Press Release / / 10.19.20

Sentry Report: France vs. Russia Proxy War in Central African Republic

New Report by The Sentry, “State of Prey”:

Battle Over Diamonds, Gold, and US Dollars as France vs. Russia Proxy War Breaks Out in the Central African Republic


Facing a Corruption-Riven Election, Foreign Election Interference, Political Exploitation of COVID-19, and an Onslaught of Foreign and Domestic Profiteers, CAR Becomes a Hotbed for Organized Crime, Trafficking, and Terror Financing

October 19, 2020 (Washington, D.C. / Paris) – Transnational organized crime and terror financing is on the rise and thriving in the Central African Republic (CAR), fueled by high-level corruption, political exploitation of the COVID-19 pandemic, and a violent proxy war between pro-French and pro-Russian actors seeking to loot the country’s lucrative natural resources, according to a new report released today by The Sentry.

The Sentry’s report, “State of Prey: Proxies, Predators, and Profiteers in the Central African Republic,” details the proliferation of money laundering and trafficking in gold, diamonds, weapons, diplomatic passports, and drugs and warns of regional and international security concerns as the country hurtles toward an uncertain presidential election.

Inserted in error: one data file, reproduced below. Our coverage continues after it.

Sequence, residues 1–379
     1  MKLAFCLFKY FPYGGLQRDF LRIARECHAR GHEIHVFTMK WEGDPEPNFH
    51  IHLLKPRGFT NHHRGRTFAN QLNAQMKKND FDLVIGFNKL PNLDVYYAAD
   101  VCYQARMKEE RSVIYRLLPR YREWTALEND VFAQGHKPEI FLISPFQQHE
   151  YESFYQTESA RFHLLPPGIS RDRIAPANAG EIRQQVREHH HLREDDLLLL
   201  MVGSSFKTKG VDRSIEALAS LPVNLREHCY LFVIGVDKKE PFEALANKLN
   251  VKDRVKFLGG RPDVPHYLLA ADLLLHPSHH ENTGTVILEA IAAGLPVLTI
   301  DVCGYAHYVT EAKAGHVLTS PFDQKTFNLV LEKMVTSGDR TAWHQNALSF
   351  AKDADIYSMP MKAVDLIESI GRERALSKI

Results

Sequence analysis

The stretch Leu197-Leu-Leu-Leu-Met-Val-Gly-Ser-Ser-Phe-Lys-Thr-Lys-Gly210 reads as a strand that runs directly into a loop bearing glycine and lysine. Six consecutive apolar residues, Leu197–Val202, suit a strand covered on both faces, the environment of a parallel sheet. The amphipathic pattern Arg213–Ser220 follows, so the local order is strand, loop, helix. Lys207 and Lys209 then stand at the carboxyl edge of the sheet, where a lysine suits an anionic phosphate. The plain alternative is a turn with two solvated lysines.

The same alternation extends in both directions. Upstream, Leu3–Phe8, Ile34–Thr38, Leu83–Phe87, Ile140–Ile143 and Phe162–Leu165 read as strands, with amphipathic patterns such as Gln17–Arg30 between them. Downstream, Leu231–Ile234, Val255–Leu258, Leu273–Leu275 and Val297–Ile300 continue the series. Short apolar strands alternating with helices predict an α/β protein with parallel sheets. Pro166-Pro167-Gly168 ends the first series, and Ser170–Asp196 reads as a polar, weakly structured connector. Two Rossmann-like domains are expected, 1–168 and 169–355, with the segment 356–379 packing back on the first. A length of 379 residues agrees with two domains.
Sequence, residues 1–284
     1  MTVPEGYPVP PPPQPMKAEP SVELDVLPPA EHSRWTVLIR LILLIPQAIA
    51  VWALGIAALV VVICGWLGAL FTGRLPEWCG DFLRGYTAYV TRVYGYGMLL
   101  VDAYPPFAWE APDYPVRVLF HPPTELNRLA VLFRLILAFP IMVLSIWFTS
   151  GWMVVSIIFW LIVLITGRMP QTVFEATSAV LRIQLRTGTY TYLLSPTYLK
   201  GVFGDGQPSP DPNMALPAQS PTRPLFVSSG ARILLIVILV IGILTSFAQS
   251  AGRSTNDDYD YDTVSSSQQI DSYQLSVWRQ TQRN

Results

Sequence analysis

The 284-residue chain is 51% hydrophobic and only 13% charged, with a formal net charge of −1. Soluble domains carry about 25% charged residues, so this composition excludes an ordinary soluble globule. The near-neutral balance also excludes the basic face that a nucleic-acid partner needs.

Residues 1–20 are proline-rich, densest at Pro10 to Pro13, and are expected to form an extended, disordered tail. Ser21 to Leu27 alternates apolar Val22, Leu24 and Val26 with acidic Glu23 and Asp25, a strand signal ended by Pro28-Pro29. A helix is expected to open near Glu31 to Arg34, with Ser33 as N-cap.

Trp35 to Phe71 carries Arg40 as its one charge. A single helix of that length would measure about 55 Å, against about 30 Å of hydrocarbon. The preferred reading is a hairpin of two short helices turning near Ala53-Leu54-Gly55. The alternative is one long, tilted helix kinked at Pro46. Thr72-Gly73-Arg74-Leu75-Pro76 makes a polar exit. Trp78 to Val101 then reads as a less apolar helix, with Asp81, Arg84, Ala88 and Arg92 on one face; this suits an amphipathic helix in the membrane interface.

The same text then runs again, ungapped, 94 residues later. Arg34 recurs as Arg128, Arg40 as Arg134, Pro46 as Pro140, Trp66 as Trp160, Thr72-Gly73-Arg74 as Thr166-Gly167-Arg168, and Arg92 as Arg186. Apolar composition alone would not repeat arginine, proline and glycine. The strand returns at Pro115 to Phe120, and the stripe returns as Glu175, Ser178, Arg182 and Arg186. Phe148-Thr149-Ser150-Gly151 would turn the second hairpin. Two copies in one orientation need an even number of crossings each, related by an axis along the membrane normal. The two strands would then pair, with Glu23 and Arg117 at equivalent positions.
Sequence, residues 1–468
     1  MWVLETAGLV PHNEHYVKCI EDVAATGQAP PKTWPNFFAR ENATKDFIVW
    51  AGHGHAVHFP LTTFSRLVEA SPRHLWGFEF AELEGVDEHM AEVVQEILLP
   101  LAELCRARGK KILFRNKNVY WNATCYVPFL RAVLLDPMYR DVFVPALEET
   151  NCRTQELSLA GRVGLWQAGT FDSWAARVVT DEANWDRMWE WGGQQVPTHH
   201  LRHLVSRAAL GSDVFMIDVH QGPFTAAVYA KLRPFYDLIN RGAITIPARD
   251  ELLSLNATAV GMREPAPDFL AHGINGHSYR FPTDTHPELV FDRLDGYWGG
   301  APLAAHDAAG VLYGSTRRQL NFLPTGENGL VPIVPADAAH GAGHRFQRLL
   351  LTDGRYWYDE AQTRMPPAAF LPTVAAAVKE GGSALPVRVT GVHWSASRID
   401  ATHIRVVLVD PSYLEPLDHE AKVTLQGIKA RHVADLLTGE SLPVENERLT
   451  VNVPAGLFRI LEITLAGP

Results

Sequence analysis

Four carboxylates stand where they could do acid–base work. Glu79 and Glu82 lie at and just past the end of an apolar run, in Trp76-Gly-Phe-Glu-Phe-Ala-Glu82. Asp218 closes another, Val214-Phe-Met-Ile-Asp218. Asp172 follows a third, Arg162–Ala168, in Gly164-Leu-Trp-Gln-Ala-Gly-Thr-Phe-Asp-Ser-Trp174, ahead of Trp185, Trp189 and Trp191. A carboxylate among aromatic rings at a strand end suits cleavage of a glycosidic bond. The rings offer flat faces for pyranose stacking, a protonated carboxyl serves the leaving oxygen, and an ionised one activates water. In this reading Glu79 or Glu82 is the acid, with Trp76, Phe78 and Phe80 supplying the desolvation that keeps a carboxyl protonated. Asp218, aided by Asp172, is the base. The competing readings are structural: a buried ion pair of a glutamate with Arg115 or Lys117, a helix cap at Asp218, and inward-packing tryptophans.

Nathalia Dukhan, Senior Investigator at The Sentry, said: “The Central African Republic is more divided than ever. The greatest threat to peace and security now is not the religious or ethnic division on the surface, but the silent, devastating proxy war driven by pro-French and pro-Russian actors. With elections just two months away, foreign powers are interfering in domestic politics and sowing conflict in a competition to strip the country of its treasure and gain geostrategic advantage in this part of the continent. Amid the chaos and corruption unleashed by this power struggle, the country has turned into a breeding ground for crime networks and mafia-like armed militias.”

John Prendergast, Co-Founder of The Sentry, said: “The international community has for too long tried to cajole the warring parties into doing less harm, while turning a blind eye to the violent looting of a nation by predatory domestic and foreign actors. Relying on the false hope of a corrupt electoral process and the deeply flawed Khartoum agreement will guarantee a deadly status quo, as criminals will continue to rip CAR to pieces and profit from its dismemberment. However, financial tools of pressure and hard-hitting actions by governments and the global banking sector can create leverage for peace, and that’s where the international community needs to focus its urgent attention.”

The report spotlights the role of predatory foreign forces, notably an alliance between the regime of CAR’s President Faustin-Archange Touadéra and the Wagner Group, a Russian state-linked security enterprise. Exposed for supporting armed groups accused of abuses against civilians in CAR, the Wagner Group is led by Yevgeny Prigozhin, a Saint Petersburg oligarch known as “Putin’s Chef” due to his close links with Russian President Vladimir Putin.